So anyway, back to the 50th Anniversary Special Edition DVD. Johnny Legend has remastered the movie and presented it in its original black-and-white form (no colorization here, kids!) with an anamorphic 1.66:1 aspect ratio, which preserves more image information than the previously released 1.85:1 widescreen releases. The picture itself looks fine (with some debris), although the matted image isn’t quite as crisp as the older Legend or Warner releases. The mono stereo sound comes through admirably, with only the occasional hiss or noise.

But what makes House On Haunted Hill: 50th Anniversary Special Edition really worth your while is that is actually has more bonus material on it than the other DVD releases. The special features begin with two back-to-back theatrical trailers (2:51) featuring a non-anamorphic widescreen trailer and a full-frame TV spot (the latter of which advertises the “Emergo” gimmick). Next up is “Return To The House” (3:45) which finds Johnny Legend outside of the famous Ennis Brown House used in the film (as well as many other films). Johnny starts off with a little history of the house (it was designed by Frank Lloyd Wright), goes on to discuss the “Emergo” phenomena, and the brief featurette finishes off with a gimmick trailer for Ray Dennis Steckler’s The Thrill Killers (aka The Maniacs Are Loose), which deserves a special footnote in B-movie history as being one of the few trailers ever to depict nothing more than close-ups of the movie poster.

A collection of movie trailers showcasing some of William Castle and Vincent Price’s hit and misses is contained in “Castle & Price Previews” (26:53). A “William Castle TV Spot” (1:58) gives us a rare look at a Castle-created television program entitled The Plot Thickens, wherein a sultry hostess passes down a black cat named Lucifer through the guest panel (including Jan Sterling and Groucho Marx!) and onto the show’s host, Jack Linkletter. Unfortunately, only the beginning of this episode is included, and ends (abruptly) with a still capture of Castle’s credit.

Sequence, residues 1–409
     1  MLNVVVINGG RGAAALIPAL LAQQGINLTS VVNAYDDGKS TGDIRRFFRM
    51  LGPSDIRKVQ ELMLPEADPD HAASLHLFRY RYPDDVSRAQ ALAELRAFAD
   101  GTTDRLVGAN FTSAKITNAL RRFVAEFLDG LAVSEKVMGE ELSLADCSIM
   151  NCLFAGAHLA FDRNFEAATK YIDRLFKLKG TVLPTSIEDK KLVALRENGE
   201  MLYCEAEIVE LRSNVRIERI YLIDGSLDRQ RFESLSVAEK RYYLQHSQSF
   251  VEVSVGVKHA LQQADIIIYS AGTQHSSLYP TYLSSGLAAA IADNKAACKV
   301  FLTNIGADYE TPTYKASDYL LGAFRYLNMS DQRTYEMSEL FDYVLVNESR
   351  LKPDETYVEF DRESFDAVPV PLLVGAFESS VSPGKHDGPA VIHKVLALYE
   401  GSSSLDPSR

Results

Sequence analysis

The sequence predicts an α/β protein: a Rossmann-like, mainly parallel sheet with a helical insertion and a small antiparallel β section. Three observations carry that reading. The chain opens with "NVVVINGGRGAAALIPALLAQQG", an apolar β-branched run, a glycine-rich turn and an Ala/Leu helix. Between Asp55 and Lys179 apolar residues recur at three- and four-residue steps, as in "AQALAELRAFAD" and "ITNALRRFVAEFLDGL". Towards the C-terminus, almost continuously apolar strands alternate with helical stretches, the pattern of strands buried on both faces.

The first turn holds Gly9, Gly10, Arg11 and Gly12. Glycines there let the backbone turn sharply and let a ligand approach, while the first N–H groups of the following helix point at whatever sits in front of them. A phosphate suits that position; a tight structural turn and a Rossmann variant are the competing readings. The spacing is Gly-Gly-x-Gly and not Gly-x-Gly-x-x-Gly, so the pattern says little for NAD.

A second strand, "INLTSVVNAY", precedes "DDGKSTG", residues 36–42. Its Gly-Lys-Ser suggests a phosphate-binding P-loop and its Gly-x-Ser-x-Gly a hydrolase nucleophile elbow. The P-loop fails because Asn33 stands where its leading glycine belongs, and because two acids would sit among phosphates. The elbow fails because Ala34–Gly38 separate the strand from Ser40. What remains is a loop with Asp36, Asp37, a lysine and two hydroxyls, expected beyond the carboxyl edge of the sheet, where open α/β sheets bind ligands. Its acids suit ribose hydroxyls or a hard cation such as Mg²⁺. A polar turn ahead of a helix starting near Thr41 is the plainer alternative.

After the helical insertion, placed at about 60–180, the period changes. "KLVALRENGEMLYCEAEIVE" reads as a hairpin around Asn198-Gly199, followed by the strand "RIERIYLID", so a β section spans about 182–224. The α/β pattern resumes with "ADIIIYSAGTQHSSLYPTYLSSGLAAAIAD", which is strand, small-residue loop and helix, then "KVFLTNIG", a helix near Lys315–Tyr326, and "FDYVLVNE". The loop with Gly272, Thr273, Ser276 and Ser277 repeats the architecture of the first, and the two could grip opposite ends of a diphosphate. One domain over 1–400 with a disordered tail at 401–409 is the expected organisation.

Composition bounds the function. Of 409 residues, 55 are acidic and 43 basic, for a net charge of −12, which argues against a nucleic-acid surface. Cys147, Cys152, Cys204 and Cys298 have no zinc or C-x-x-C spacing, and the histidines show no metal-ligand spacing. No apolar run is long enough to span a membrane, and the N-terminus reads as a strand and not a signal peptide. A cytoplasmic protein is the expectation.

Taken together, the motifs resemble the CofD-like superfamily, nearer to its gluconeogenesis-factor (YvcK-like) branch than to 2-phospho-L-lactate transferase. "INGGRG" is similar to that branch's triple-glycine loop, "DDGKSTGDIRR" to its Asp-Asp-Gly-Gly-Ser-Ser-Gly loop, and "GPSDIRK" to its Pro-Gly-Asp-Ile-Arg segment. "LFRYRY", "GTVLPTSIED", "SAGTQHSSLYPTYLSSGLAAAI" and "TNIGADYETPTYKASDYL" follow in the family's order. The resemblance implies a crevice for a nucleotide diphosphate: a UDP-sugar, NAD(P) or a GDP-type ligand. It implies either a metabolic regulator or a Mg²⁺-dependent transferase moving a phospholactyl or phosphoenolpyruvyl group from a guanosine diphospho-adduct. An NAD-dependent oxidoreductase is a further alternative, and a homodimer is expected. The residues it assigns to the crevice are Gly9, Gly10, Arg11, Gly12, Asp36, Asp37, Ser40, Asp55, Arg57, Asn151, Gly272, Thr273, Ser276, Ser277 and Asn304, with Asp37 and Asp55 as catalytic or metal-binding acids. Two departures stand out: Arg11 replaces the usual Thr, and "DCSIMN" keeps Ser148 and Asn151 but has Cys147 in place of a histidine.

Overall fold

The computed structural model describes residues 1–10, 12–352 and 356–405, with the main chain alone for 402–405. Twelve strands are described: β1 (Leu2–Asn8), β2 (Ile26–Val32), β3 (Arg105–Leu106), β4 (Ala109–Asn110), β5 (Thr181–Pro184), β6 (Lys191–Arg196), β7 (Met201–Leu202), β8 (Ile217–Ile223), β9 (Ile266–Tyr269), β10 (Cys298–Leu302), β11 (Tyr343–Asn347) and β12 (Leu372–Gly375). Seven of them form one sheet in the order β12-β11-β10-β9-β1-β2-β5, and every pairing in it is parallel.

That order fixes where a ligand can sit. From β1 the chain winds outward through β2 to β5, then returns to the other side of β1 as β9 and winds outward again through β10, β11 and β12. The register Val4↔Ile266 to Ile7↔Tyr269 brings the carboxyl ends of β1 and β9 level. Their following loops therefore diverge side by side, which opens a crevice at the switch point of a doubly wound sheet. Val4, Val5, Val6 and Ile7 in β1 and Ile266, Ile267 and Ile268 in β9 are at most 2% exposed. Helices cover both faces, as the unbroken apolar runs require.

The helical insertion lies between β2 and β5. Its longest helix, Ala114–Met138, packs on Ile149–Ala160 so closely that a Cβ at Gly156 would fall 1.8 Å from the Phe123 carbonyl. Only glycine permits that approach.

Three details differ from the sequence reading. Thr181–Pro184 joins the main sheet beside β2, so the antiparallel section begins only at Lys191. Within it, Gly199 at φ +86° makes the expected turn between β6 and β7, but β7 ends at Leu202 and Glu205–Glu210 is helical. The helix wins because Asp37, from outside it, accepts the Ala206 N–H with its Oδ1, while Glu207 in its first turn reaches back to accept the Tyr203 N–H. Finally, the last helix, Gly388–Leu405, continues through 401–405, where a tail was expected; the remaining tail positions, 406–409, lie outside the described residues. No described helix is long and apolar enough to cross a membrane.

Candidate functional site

The assortment of groovy special features continues with a short “Carol Ohmart Profile” (3:40), with Johnny Legend discussing the former actress's short-lived career, and speculating with director Jack Hill and Hollywood Book and Poster owner Eric Caidin as to where the elusive Ohmart may be residing nowadays. Clips from Carol’s filmography are spliced in for good measure.

Rounding up the bonus materials is “Golden Age Price” (49:17), a compilation of Vincent Price television appearances, commencing with several sketches from The Jack Benny Program and The Red Skelton Show, and concluding with an entire episode of TV Reader’s Digest from 1955, wherein the venerable British actor stars in “The Brainwashing Of John Hayes” as an American citizen in Communist China.

Even if you’re not impressed to see another release of House On Haunted Hill make its way to DVD, this new 50th Anniversary Special Edition (pardon the pun) "houses" a lot of heart — and the assortment of special features beats any other release out there.

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About Luigi Bastardo

Luigi Bastardo is the alter-ego of a feller who loves an eclectic variety of classic (and sometimes not-so-classic) film and television. He currently lives in Northern California with four cats named Groucho, Harpo, Chico, and Margaret. Seriously.